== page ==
Editor's noteOpinion

Rea Vaya still has some way to go

EXPERTS have given Rea Vaya Bus Rapid Transit a 10 out of 10 rating for infrastructure excellence.

The news was welcomed by Mayor Parks Tau, who said the municipality looked to the system as an opportunity to reduce private car usage.

Rea Vaya is, by all standards, a world class public transport system – but only on paper. Johannesburg citizens have, over the years, had very little choices in terms of public transport.

Most people have been limited to ‘coffins on wheels’, and have had to put up with rude drivers and marshals at Noord and Bree taxi ranks. Another option was the municipal buses, which are not known to be in the best of shape.

The constantly overcrowded Putco buses are so badly maintained they break down at every turn or are never on time, while Metrorail is for the brave, or desperate.

Enter Rea Vaya: the buses are clean, well-maintained, safe and always arrive on time. They have indeed raised the public transport stakes. But to rate them 10 out of 10 is taking matters a bit too far.

The experts who attended the world mayor conference, the Metropolis Annual Meeting in Sandton, were that impressed, but perhaps they felt they owed Tau for being a good host.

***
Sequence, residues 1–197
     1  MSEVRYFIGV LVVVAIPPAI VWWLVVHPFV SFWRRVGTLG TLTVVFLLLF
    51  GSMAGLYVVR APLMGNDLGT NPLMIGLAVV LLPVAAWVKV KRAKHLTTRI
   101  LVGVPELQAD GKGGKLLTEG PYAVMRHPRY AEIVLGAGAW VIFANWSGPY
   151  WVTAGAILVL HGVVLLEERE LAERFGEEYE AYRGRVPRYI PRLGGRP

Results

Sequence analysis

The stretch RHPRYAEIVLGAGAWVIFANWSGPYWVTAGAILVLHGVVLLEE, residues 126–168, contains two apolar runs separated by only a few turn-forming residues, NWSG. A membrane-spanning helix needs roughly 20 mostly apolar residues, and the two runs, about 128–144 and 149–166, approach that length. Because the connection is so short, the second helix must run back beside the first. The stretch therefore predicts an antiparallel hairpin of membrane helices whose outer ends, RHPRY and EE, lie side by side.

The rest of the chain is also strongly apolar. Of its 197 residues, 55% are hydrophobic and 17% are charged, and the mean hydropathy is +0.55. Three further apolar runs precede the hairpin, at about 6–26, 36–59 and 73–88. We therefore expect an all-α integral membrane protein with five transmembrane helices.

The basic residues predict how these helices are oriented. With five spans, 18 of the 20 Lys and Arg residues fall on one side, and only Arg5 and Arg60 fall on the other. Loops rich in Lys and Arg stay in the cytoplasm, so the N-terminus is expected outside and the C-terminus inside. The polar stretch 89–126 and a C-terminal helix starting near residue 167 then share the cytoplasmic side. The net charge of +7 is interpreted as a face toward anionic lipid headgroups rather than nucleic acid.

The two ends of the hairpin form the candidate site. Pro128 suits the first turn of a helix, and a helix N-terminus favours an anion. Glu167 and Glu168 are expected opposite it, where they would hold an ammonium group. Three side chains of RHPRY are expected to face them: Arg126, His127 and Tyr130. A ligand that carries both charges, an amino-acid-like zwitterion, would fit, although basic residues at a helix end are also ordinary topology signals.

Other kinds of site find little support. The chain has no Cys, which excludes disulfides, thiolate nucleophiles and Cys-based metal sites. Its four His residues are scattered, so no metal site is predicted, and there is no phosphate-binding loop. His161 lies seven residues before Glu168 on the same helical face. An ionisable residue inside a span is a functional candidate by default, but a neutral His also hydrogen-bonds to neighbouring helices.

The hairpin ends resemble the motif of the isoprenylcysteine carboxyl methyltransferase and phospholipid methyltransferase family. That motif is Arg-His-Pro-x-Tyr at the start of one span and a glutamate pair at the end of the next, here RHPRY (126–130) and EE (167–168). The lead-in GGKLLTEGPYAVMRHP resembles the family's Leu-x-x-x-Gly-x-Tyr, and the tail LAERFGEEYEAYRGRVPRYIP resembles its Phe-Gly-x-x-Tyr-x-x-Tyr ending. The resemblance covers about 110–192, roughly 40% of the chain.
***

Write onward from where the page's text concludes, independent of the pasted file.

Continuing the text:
For Rea Vaya to be world class, it must be taken closer to the people. As matters stand, passengers in certain areas, who don’t live near a Rea Vaya station, still have to find alternative transport home.

In addition, the Auckland Park route should be opened: the infrastructure is rotting before serving the purpose for which it was built. UJ students need the buses on that route, and so do thousands of workers.

Lastly, not everyone lives in Soweto and works in the city centre. Rea Vaya must be for all residents of Johannesburg: Randburg, Sandton, Rosebank, Midrand, Fourways, Alexandra and other areas all need Rea Vaya.

Until then, all Rea Vaya does is boost the image and egos of Tau and the municipal transport authorities.

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